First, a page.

Naegleria fowleri usually lives in warm, freshwater habitats, including ponds, lakes, moist soil and even hot springs. The brain may become infected with the organism when water containing the parasite enters a person's nose. There have also been cases of people becoming infected from contaminated water in a neti pot. Neti pots are used to clean out sinuses. The parasite can travel from the sinuses to the brain.
Naegleria fowleri exists in three different forms during its life cycle: an inactive cyst, a motile trophozoite that somewhat resembles a typical amoeba, and another motile form with two long, whip-like extensions at one end. Each of these extensions is called a flagellum. The moving flagella propel the organism through a liquid.
- The cyst is an inactive form surrounded by a tough, protective wall. It forms during unfavourable environmental conditions, such as when the surroundings become too cold or too dry.
- The trophozoite is released from the cyst when the environmental conditions become favourable again. This is the main stage of the life cycle and is the cell that feeds.
- The flagellated form develops from the trophozoite when it's exposed to certain environmental conditions, such as insufficient food in an area. In experiments, scientists have observed that the flagellated form develops when Naegleria fowleri enters distilled water. The flagellated cell is a temporary and non-feeding stage.
Stages of the Naegleria fowleri Life Cycle
Naegleria fowleri - A Radio Interview with a CDC Doctor
Meningoencephalitis is a combination of meningitis and encephalitis. Meningitis is inflammation of the membranes around the brain, which are known as the meninges. Encephalitis is inflammation of the brain itself.
Primary Amoebic Meningoencephalitis, or PAM
Naegleria fowleri occasionally enters the brain and cause a disease called primary amoebic meningoencephalitis, or PAM. The parasite causes brain swelling and destruction of brain tissue. Thankfully, the infection is rare. From 2006 to 2015, only thirty-seven people became infected with the parasite in the United States (as far as the CDC knows). Sadly, though, for those who do get sick, the death rate is very high, as the quote below shows.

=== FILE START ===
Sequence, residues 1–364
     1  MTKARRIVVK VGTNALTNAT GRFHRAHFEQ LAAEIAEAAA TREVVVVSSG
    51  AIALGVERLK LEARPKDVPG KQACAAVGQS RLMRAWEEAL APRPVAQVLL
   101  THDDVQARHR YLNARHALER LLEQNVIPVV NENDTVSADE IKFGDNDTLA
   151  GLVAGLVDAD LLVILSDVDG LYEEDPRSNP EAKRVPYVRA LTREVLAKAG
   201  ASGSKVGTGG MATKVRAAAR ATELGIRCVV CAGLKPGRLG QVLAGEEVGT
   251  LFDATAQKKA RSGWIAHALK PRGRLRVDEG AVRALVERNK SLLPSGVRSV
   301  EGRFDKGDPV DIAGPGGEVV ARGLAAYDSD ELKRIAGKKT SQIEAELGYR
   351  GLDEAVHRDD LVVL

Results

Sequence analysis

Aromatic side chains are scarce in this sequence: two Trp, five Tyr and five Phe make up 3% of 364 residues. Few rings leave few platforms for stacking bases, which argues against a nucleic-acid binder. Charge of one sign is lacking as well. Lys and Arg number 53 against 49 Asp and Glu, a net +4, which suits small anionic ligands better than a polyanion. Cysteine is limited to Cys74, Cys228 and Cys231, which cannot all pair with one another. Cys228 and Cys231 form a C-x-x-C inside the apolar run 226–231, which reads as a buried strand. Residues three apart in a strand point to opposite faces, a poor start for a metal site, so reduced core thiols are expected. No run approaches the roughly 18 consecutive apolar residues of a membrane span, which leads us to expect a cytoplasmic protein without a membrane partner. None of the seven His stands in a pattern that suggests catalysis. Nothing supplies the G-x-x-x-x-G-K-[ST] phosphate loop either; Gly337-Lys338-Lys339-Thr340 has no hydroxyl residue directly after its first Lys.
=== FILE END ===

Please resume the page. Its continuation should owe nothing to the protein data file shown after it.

On average, symptoms appear around five days after the initial infection. The first symptoms may include a headache, nausea, vomiting and a fever. Later other symptoms may develop, including a stiff neck and symptoms indicating brain problems, such as confusion, balance problems, hallucinations and seizures.
There are strategies that may lower the risk of contracting PAM. Avoiding entering fresh water during the warmest time of the year is the best method of protection. Other helpful methods may include using a nose clip when entering water, keeping the head above the water surface and avoiding stirring up bottom sediments. However, as the CDC says, although these are "common sense" recommendations, they haven't been tested scientifically to see if they can actually prevent infection.
The fatality rate (from PAM) is over 97%. Only 3 people out of 138 known infected individuals in the United States from 1962 to 2015 have survived.— CDC (Centers for Disease Control and Prevention)
Other Types of Amoebas
There are many other types of amoebas in existence. For example, Entamoeba coli lives harmlessly in our large intestine and Entamoeba gingivalis lives inside our mouth in gum pockets, possibly harmlessly but perhaps contributing to gum disease. Chaos carolinensis is a giant freshwater amoeba that may be two millimetres in diameter or even larger. It has hundreds of nuclei instead of only one.
Some amoeboid organisms have an outer test, or shell, which is either secreted by the cell or made from outside materials that stick to the surface of the cell. The pseudopods are narrow and needle-like and extend through openings in the test.
The amoeboid way of life seems to be very successful. Even some of the white blood cells in our body move by amoeboid movement and engulf bacteria by phagocytosis. Understanding how an amoeba functions may help us understand how other cells function, including those of humans.
© 2013 Linda Crampton